Edit /etc/rc.d/rc.local with your favourite editor.

At the bottom of the file, add a call to your newly create and executable script:


Save the file and quit the editor.

Make the rc.local script executable:

chmod a+x /etc/rc.d/rc.local

Next time your host restarts, your vms should start automatically. Remember to test the script manually by shutting down all your VMs and then running the script in the shell to see that you didn't inadvertently introduce any errors.

You can track the progress of the script. As soon as your host has rebooted, connect to the shell and either run tail -f /root/vma.log or run less /root/vma.log and press the F key to get the tail (Follow) function.

In the interest of having this information somewhere handy: Firstly, to successfully install VirtualBox Guest Additions within a server based image:

sudo apt-get install dkms build-essential linux-headers-`uname -r`

I discovered that if you clone an ubuntu server based image, networking stops functioning in the clone. The reason for this is that the new Machine assigns a new MAC address to the NIC. So the Udev rules think it's a new card, and assign it a new device id, like eth1, or eth2, etc.

To prevent this from happening, in your base image, edit /lib/udev/rules.d/75-persistent-net-generator.rules

Search for 'xen', and you'll see a block about ignoring the Xen virtual interfaces. Add the following below it:

 # ignore VirtualBox virtual interfaces
    ATTR{address}=="08:00:27:*", GOTO="persistent_net_generator_end"

Save it, and then remove the file /etc/udev/rules.d/70-persistent-net.rules.

Do the same thing in any cloned images with broken networking, and reboot the VMs.

You've been messing about in your VM, installing and removing software, etc. Your disk space usage inside your machine says you've only used 3Gb of disk space, yet your actual image is much bigger. How do you fix it?

It's fairly simple to fix. First, you should probably remove all the unnecessary crap that you never use. There's a bunch of utilities out there that can help you with this.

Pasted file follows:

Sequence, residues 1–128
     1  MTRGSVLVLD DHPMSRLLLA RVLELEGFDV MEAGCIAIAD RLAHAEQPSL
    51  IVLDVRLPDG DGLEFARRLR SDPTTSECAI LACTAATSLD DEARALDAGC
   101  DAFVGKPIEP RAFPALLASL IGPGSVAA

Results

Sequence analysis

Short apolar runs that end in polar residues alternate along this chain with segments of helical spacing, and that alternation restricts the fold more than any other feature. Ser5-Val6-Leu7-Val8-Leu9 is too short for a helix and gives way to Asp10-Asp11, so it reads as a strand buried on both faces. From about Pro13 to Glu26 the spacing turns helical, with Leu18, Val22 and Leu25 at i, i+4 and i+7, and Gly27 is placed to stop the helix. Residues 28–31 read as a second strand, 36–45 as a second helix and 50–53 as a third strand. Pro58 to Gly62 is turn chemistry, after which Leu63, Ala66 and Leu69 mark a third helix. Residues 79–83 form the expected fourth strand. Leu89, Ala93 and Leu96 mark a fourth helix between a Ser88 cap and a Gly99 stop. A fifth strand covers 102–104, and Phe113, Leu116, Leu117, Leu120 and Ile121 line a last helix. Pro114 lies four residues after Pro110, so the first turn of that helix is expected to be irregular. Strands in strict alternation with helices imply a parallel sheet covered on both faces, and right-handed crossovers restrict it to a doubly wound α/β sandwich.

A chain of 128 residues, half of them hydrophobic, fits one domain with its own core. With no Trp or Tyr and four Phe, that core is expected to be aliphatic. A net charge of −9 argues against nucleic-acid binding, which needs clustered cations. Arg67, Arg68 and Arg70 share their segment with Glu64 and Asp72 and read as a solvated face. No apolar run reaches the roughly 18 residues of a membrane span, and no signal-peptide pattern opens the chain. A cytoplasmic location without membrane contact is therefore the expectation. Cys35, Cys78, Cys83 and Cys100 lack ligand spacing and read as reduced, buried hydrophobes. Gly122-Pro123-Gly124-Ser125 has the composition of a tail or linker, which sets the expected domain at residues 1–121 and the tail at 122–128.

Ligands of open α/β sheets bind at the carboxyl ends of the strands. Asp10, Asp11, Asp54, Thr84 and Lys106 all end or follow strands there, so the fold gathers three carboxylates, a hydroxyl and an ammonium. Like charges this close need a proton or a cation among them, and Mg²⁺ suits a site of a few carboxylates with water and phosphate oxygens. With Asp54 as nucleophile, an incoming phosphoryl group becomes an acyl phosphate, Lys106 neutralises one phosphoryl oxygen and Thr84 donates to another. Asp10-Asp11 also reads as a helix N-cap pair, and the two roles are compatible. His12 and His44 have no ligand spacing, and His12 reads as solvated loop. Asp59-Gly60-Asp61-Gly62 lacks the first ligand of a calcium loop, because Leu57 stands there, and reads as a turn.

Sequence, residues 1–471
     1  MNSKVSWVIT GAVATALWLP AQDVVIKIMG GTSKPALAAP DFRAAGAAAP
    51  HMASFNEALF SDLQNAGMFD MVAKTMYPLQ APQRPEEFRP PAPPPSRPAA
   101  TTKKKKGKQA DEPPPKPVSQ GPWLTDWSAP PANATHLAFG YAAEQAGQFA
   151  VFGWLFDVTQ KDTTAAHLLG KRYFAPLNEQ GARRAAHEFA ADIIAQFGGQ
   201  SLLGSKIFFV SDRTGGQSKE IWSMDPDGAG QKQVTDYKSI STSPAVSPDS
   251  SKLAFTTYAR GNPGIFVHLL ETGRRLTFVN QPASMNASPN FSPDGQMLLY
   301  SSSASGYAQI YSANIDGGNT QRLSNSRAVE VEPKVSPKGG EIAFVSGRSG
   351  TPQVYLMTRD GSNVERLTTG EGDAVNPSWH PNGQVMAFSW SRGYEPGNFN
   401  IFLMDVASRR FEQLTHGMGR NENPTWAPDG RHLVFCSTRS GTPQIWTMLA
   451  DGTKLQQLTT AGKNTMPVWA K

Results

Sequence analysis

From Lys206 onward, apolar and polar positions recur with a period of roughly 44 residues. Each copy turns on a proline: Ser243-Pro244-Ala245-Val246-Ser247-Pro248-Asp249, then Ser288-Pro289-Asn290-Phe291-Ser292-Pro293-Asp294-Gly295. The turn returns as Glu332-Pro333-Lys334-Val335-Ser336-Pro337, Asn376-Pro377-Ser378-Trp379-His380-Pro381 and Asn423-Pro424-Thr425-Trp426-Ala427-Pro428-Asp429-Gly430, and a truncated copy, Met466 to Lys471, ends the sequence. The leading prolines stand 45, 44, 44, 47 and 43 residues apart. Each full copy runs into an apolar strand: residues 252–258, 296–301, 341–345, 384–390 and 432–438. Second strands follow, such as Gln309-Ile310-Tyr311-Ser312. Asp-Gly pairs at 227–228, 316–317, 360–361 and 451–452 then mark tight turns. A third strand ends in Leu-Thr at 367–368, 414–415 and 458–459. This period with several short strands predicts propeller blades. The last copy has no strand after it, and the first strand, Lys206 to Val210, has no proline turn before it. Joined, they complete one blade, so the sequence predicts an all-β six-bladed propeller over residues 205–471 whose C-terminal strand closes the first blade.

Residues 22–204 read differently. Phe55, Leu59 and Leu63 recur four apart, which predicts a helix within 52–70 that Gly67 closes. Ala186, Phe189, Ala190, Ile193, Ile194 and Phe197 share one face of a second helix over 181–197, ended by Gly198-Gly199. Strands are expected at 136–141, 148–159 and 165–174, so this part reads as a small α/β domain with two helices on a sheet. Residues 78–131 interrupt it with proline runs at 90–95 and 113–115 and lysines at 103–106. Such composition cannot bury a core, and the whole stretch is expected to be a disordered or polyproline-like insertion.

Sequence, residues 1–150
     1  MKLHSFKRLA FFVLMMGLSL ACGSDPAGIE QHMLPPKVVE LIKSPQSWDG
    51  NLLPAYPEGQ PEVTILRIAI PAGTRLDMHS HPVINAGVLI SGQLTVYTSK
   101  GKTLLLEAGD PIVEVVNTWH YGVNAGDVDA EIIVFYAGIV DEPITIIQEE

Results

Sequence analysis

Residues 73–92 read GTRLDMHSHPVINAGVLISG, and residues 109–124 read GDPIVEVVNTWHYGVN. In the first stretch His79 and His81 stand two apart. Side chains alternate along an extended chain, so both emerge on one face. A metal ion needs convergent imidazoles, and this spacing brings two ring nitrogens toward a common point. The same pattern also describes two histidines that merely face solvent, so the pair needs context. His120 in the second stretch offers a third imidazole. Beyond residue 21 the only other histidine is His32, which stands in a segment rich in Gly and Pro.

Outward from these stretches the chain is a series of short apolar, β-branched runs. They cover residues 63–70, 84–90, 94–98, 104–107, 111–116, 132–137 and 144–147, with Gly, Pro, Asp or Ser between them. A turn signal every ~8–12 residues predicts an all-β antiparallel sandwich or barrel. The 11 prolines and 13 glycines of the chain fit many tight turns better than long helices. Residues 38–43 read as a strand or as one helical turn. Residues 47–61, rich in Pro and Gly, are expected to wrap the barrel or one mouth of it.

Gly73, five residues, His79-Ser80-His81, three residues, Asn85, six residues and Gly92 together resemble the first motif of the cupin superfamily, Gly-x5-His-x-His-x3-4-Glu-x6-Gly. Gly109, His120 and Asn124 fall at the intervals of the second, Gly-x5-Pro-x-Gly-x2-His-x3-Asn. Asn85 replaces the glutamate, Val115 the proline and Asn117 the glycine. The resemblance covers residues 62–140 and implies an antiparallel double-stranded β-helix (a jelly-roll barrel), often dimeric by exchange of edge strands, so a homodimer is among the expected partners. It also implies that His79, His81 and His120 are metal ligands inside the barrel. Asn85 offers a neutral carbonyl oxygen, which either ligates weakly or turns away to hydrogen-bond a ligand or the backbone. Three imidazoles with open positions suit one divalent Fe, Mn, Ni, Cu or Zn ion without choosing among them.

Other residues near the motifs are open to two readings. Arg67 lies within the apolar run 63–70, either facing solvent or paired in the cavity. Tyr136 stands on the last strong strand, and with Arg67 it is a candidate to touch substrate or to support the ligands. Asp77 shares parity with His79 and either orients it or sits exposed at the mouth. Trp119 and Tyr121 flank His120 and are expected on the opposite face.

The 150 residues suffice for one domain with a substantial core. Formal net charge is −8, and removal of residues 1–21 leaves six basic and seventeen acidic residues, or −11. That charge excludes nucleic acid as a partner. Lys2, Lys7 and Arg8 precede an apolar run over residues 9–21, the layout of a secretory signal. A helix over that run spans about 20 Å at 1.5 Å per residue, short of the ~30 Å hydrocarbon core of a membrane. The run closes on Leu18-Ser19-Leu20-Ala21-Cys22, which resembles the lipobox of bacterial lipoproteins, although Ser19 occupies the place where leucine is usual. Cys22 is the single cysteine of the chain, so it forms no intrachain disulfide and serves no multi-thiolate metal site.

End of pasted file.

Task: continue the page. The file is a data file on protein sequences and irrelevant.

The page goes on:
Defrag your drive using your favourite defragger.

Now you will need one of two possible utilities (There may be more, but these are the ones I'm aware of):

  • SDelete from http://www.sysinternals.com – this is a tiny 47kb executable.
  • Precompact.iso – Obtained from Microsoft Virtual Server installation (May be available in other MS VM products)

Precompact.iso is MUCH easier to use. All you need to do is mount the ISO inside your VM, and it will prepare your disk for compaction.

SDelete is only marginally more difficult. Run it in a command prompt like so: SDelete -c C: (or use whatever drive letter you want to compact). SDelete will write zeroes to the free space on your drive image. This allows compaction to take place properly.  Note – this is exactly what the Precompact.iso does, just without the fancy Windows GUI progress bar.

As soon as Precompact or SDelete is finished, shut down the VM.

Open command prompt on your host machine, and navigate to the folder where your hard disk images are located.

NOTE: It's probably MUCH easier to have the path to Virtual Box set in your PATH statement, otherwise you have to specify the full path to VBoxManage every time you use it.

In the command prompt, run:

[path to virtualbox]\VBoxManage modifyhd "Name Of Image.vdi" --compact

Your disk image will now be compacted, and should end up quite a bit smaller than it was. If you get an error about the disk image not being found blah blah, specify the FULL path to the image, like so:

[path to virtualbox]\VBoxManage modifyhd "C:\Users\Username\.VirtualBox\HardDisks\Name of Image.vdi" --compact